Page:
What is the Lunar New Year? Thumbnail

The Lunar New Year 2024 is the Year of the Dragon.

How the Lunar New Year is Celebrated

The Lunar New Year, also known as the Spring Festival, is celebrated to mark the beginning of the lunar calendar year. The date of Lunar New Year varies each year, as it is based on the lunar calendar, which follows the cycles of the moon. 

This year, Lunar New Year falls on Saturday, Feb. 10th, with 2023 being the year of the rabbit and into 2024 as the year of the dragon. The dragon has represents good luck, justice, prosperity and strength.

In the Chinese Zodiac, there are 12 animals. Each has its own attributes and characteristics. These 12 animals coincide with the lunar calendar in a 12-year cycle.

The order of the Chinese Zodiac is: 

  • Rat 
  • Ox
  • Tiger 
  • Rabbit (in Vietnam, the rabbit is replaced by the cat)
  • Dragon 
  • Snake 
  • Horse 
  • Goat 
  • Monkey
  • Rooster 
  • Dog 
  • Pig 

The celebration is deeply rooted in various East Asian cultures, including Chinese, South Korean, Vietnamese, Thai and others. It is a time for family reunions, paying respects to ancestors, and welcoming the arrival of spring. The festival typically lasts for about 15 days, with various customs and traditions observed during this period.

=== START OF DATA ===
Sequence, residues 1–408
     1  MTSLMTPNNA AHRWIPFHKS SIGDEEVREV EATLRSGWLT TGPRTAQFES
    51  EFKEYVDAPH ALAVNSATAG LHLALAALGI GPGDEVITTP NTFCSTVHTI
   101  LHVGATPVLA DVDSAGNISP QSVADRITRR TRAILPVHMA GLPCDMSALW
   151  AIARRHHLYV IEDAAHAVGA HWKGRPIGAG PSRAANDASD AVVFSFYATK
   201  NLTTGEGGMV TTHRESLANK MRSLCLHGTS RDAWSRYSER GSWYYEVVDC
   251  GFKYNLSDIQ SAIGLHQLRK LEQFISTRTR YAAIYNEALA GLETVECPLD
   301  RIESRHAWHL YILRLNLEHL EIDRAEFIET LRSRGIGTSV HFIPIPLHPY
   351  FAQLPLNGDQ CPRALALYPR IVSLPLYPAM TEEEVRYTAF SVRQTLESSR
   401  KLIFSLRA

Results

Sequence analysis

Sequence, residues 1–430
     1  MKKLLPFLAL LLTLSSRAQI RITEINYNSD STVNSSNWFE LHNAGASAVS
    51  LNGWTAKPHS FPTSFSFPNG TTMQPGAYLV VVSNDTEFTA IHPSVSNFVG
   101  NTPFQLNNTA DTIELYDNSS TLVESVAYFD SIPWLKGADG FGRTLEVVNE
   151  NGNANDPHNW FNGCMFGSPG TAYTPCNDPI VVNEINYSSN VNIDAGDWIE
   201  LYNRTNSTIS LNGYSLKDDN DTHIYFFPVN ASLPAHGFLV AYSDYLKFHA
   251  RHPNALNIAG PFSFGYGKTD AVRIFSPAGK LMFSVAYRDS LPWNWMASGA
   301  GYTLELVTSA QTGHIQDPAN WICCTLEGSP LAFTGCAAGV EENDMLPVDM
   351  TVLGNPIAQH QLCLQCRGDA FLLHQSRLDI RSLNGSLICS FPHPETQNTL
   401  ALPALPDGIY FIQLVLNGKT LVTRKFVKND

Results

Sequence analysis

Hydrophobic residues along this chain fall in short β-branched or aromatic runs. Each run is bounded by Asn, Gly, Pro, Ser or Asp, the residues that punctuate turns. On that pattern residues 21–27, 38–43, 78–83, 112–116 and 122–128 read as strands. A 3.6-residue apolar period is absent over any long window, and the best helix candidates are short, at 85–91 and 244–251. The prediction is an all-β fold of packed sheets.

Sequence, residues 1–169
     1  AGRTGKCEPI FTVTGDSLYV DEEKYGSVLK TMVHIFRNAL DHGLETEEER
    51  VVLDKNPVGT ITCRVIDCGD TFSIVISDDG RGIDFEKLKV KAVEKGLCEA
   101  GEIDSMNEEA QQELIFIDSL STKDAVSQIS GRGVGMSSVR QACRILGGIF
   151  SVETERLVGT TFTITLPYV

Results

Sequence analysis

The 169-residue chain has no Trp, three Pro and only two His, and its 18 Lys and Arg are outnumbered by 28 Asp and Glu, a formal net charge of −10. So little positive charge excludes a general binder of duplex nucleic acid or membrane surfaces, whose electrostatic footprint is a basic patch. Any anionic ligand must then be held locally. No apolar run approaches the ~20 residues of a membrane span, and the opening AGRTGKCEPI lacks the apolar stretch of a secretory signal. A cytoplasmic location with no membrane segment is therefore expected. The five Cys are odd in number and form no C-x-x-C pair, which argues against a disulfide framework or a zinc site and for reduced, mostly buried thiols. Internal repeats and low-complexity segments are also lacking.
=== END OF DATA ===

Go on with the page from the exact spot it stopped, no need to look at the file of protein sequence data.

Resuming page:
Some of the common customs and activities associated with Lunar New Year include:

  • Reunion and Family Gathering: Families make an effort to come together, often traveling long distances to celebrate the festival with their loved ones.
  • Feasting: Special foods and meals are prepared, and it is customary to have a large feast during the New Year celebration. Certain foods, such as dumplings and fish, have symbolic meanings related to prosperity and good luck.
  • Cleaning and Decorating: Homes are thoroughly cleaned to symbolize getting rid of the old and welcoming the new. Red decorations, lanterns, and other festive items are used to bring good luck and ward off evil spirits.
  • Worship and Ancestral Tribute: Many people visit temples and perform rituals to pay respects to gods and ancestors. Offerings may include food, incense, and symbolic items.
  • Dragon and Lion Dances: Colorful dragon and lion dances are performed in the streets, accompanied by loud music and firecrackers. These performances are believed to bring good luck and drive away evil spirits.
  • Red Envelopes (Hongbao or Ang Pao): It is a tradition to give and receive red envelopes containing money, which is believed to bring good fortune and prosperity to the recipient.
  • Lantern Festival: The celebration often concludes with the Lantern Festival on the fifteenth day of the lunar calendar, where people carry lanterns, solve riddles, and enjoy various activities.

Overall, Lunar New Year is a time of joy, reflection, and the beginning of a new cycle. It holds cultural and spiritual significance for many communities, emphasizing themes of family, luck, and renewal.